Spending is always skewed to where the money is. By definition. But the economy doesn’t care who spends, as long as someone spends.

      • IdahoPotato says:

        Then “consumer sentiment” is a slightly misleading term to indicate the overall health of the economy as determined by consumer behaviour, methinks.

        Maybe they should call it “deep pocket sentiment” or something.

      • Ppp says:

        Unless of course, the economy is a myth.

      • Cynic says:

        And this is what explains the seeming paradoxes of ‘jobless/underemployed growth’, ‘growth in collapse’, etc, which are defining our age.

        We have headline figures which are – as this article demonstrates – just fine, while real mass prosperity declines steadily with all the consequent social erosion and tensions.

        Look across the Atlantic to Spain, for instance, and the picture is one of decent headline growth since the 2008 shock, but wage stagnation and still very high average unemployment rates and the worst regions mired in hopelessness.

        A wonderful time to be a business owner though, with low interest rates and an easily-exploitable, simply desperate, pool of labour.

        • Pinto says:

          “A wonderful time to be a business owner though” in Spain!!!

          Nuts !!!

          Only big business which have access to Corporate sector purchase programme (CSPP) can more or less survive the high taxation, and over regulated EUssr.

          Only a Nut will open a SME small business Enterprise in EUssr. You get a 55% shareholder named government from the get go. That steal from you and makes so many commandments that puts your business in arms way.

          Going Galt is the only solution outside big corporations.
          And by going Galt I mean USA stock market. Forget dax forget cac , all rigged.

          Owning a SME in EU is risquier than trading vix, sxvy et all!

          Trading USA stock you can get out whenever you want (you may loose money) but you can!

          Try to get out of a SME in EUssr and tell me how that works out for you!!!

      • Rinaldo says:

        “the economy doesn’t care who spends”
        Well, me thinks it does.
        We will find out soon, when the the Gov. will have to replace the lack of spending by the working population and the budget deficit will balloon to 2 trillion or 3 trillion.
        BTW I find it interesting Wolf, that you use the official inflation numbers to determine disposable income.
        An inflation with out food and energy is irrelevant for the average consumer imo and the CPI is understating real inflation by a wide margin.

      • QQQBall says:

        Health care costs by 21% in 10 years? Here pull my finger~! And food is up way more than 26% unless you eat salted snacks and 20-cent a package ramen. And, the real costs f food inflation will be poorer health. A knock-on from medical costs is that medicare will BK faster.

        The corps get tax breaks and the asset-owning class can borrow against asset base tax free and build their asset base quicker. The working class pays more in taxes and fees, pays more to live and is working harder for a level or declining inflaton-adjusted income.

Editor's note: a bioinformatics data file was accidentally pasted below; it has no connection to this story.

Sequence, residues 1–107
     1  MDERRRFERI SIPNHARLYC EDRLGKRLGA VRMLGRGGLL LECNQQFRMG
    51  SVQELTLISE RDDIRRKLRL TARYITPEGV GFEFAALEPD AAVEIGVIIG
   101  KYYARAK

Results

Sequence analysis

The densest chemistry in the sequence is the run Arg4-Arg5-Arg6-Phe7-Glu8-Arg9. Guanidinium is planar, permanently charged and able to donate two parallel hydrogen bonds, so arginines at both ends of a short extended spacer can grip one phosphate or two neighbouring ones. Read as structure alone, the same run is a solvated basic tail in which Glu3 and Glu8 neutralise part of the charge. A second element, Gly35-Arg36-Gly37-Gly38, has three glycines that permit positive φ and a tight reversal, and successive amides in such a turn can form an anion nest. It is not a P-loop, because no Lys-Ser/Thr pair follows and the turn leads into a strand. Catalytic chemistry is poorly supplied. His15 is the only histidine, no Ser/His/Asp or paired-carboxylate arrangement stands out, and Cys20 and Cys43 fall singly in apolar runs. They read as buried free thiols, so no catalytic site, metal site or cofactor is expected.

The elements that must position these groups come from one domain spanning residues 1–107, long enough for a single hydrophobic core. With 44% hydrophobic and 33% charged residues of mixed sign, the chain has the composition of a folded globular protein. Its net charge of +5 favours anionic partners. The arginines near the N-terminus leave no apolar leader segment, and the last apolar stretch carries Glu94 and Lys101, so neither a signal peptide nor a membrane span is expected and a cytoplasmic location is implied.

Something will break.

        • Rinaldo says:

          I live in Africa. Shoooting striking mine workers doesnt won hearts. Paying thousands og $ for Rhino horns and ivory neither, but they are definitely winning the minds og corrupt politicians, all ocer the planet.

    • IdahoPotato says:

      “If consumers ARE spending and have high positive sentiment”

  5. akiddy111 says:

    Maybe Wall Street is seeing a China slowdown, Semis, construction spending numbers, Autos, Corporate Debt, deserted shopping Malls ,etc.

    You were correct yesterday. There is a conundrum in that junk bonds are shrugging off the sell-off in the 10 year (it is down 50bp for the month of may) as well as stubborn weakness in emerging market equities, small caps, and equities in general.

    European bank equities are selling at levels similar to the last week in 2018. The entire monster YTD rally has been erased.

    Somebody needs to tell the junk bond market what is going on. But do not disturb the Fed. It’s enjoying a pleasant nap.

    • nicko2 says:

      India is also slowing, they are no longer the fasted growing economy… Brazil, also slowing…. Mexico; slowing… Turkey moving backwards, Pakistan facing mounting inflation and currency crisis. The only economies not slowing are in Africa.

      • alex in san jose AKA digital Detroit says:

        And guess who’s (even if indirectly) bombing civilians in Africa? The US. Who’s building hospitals and digging wells and winning hearts and minds there? China.

        • Emil says:

          Yes, the chinese are winning hearts by making big loans for the African countries that spend it on frivial things. As soon as the money runs out, as usual, China will be the new overlord in Africa. All in the disguise of “winning hearts and minds”. Perfect strategic move by the chinese to allocate the mineral rich African nations from their resources.

        • Tonymike says:

          @ Emil
          As if the west hasn’t been raping Africa (India, SEA) for everything not nailed down for 400 years. The only roads and railways built in Africa was to get the minerals (and other wealth) out and the soldiers in. Now the control vector is in drones and importing ISIS and Boko Haram to scare people.
          Now China is the bad guy. Yeah right.